I have been demonstrating with watercolour today at my local Hobbycraft store in Cheltenham.
The photo above is of the demo table set up with a display of my work. I took a mixture of things along, hoping that there would be something to appeal to everyone. My intention was to inspire people to see the versatility that can be achieved with watercolour.
The two sunsets at the front of the photo are the paintings I was working on, along with the iris painting in the centre by the colour chart. Many thanks to all the friendly people who stopped by to say hello! I’ll post the finished work as soon as it’s completed……..
Following on from my last post, I can reveal that the artist who had been inspired to paint Llansteffan was J.M.W. Turner. Turner is an artist who I have the greatest admiration for, not only for his exquisitely beautiful work, but also his revolutionary approach to painting, especially in watercolour.
The painting below was made around 1795 & is entitled “Llanstephan Castle by Moonlight, with a Kiln in the Foreground”. This contrasting of Medieval ruins with modern industry became a regular theme in Turner’s subsequent work. Turner also made a number of pencil sketches of the Tywi estuary at Llansteffan during a later visit in 1798. The painting also explores one of Turner’s other preoccupations; light. The subjects are lit by both moon & fire light.
It is interesting to note the Anglicisation of the place name from the Welsh ‘Llansteffan’ into ‘Llanstephan’.
I think the tide was in when Turner was painting & there was a bit more activity on the beach than the day I took this photo!
Below is a link to the excellent Phaidon series book on Turner, that I can recommend if you are interested to discover more of the work of this ground breaking artist. All the Phaidon books I have in my collection contain beautiful reproductions of the art works & the series is both excellent & inexpensive.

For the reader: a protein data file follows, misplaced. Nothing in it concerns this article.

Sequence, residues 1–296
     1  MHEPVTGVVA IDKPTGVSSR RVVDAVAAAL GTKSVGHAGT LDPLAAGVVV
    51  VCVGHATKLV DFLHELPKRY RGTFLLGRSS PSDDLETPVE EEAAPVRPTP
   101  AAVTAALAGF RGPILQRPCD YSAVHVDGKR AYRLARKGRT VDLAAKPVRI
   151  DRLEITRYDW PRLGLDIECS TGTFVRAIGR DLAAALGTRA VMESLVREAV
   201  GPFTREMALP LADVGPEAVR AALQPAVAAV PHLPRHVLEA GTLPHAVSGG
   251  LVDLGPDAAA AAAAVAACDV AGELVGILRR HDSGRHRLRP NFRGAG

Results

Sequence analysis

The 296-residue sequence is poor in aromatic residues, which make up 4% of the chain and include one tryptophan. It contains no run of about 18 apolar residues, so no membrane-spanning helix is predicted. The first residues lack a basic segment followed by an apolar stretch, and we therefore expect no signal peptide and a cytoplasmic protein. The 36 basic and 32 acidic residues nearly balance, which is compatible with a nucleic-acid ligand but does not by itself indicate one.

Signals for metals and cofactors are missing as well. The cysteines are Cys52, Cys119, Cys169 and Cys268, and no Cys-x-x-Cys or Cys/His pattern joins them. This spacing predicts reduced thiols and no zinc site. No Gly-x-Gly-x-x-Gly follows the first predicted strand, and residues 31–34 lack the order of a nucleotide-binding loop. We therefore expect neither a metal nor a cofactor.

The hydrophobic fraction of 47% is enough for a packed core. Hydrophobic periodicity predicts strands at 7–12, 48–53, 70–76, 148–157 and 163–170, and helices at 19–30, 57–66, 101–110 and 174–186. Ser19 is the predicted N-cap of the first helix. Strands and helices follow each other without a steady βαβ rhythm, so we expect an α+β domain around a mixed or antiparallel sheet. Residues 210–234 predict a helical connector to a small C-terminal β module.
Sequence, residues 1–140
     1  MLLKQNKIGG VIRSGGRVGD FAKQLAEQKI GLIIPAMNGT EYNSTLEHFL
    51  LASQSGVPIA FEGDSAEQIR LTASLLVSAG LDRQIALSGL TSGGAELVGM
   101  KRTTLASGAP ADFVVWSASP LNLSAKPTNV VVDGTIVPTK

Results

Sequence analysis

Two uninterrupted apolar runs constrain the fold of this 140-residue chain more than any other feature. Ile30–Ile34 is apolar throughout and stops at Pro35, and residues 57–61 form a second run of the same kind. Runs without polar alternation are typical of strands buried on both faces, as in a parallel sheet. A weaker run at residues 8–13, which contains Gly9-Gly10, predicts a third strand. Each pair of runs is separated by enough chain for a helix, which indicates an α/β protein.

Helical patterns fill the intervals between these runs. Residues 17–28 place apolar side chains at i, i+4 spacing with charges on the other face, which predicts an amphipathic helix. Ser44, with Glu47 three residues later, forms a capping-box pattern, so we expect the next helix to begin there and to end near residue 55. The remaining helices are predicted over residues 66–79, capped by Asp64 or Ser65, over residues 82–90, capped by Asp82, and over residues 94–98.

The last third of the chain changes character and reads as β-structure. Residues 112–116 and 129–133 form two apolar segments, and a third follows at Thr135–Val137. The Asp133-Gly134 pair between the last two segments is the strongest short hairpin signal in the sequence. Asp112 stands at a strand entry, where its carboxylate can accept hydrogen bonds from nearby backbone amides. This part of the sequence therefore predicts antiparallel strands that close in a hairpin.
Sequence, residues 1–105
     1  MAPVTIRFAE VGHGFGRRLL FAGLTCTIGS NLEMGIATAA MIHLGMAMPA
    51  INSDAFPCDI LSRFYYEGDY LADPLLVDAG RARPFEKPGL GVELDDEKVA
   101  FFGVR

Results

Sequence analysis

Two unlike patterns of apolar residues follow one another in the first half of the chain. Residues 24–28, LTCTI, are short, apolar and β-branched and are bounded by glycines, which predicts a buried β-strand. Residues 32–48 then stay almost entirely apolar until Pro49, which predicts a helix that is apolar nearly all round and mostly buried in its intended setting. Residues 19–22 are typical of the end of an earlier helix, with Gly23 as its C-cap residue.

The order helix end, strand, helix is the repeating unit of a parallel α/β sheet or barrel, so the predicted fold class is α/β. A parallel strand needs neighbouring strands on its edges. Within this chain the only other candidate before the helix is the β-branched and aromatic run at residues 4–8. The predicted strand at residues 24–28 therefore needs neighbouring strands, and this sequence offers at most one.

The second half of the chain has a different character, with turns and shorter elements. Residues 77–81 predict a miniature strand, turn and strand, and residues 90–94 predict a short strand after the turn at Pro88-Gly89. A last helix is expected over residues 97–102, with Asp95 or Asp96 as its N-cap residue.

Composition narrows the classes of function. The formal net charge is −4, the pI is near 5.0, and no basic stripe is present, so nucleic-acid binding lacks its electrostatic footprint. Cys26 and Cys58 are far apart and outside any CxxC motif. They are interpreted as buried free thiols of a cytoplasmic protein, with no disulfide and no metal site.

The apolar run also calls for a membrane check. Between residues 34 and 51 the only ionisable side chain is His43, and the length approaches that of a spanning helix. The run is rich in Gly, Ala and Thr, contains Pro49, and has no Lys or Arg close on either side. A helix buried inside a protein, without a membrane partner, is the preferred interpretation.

Last weekend, despite rain & high winds, I braved the elements for an intensely bracing walk on the beach at Llansteffan in south west Wales. Llansteffan is not truly coastal, but an estuary with beautiful fine sand & devilish currents.
as I walked perfect, tiny compositions appeared beneath my feet.
I am not the first artist to have appreciated the wild beauty of Llansteffan, but more of that in a forthcoming post.
I have a contribution published over on my friend Alison’s website today. It’s about the influence that creativity has in my life. There’s also lots of other interesting information on health & lifestyle, including examples of Alison’s artwork.
This painting was commissioned by the “Association L’entente Cordiale” in Marseille France. It represents the famous treaty between Great Britain and France signed in 1904 when the two countrie became allies. The powerful images of the Eiffel Tower and Big Ben are represented on the woman’s bodice. The hair on the painting resembles the famous “Marianne” which is the emblem of the French Republic. The colours chosen are the official flag colours of both countries and the designs of both flags are found on the painting. The heart represents the new found “love” between the two nations. Alison has used a variation of this design for the logo on her website.
Alison’s website is called Feel Good After Fifty & you can view by clicking here.
Hello to all my artist friends (both established & aspiring!),
I’ve started a group on Facebook for us to share art & creative ideas & would be honoured if you would join me. All types of drawing & water-based media work is welcome. The group can be found by clicking here .
‘The mutation of an everyday object into an art substance.’
This giant cat & several large apes were hanging out by the port in Cannes, just a stones throw from the sea (you can see the yachts in the background of this photo). The cat in particular was rather scary…… & enormous!
The sculptures are the work of Serge Van de Put, a Belgian artist, with a background in advertising. He was inspired during a trip to Africa by the ability of the people living there to give new life to worn out tyres. This transformation saw the tyres reborn as shoes, buckets & other useful objects. The photo below shows the tread of the tyres & gives an indication of the huge scale of this sculpture. It also gives a sense of how the artist has used the pliable nature of the material to create the form.
A little further along the edge of the port was this cage with its pair of captives.
I thought the shredding of the tyres created an interesting texture on the figure below
& here is a close up of the face of the larger figure
Chained to the outside of the cage was the final imposing figure below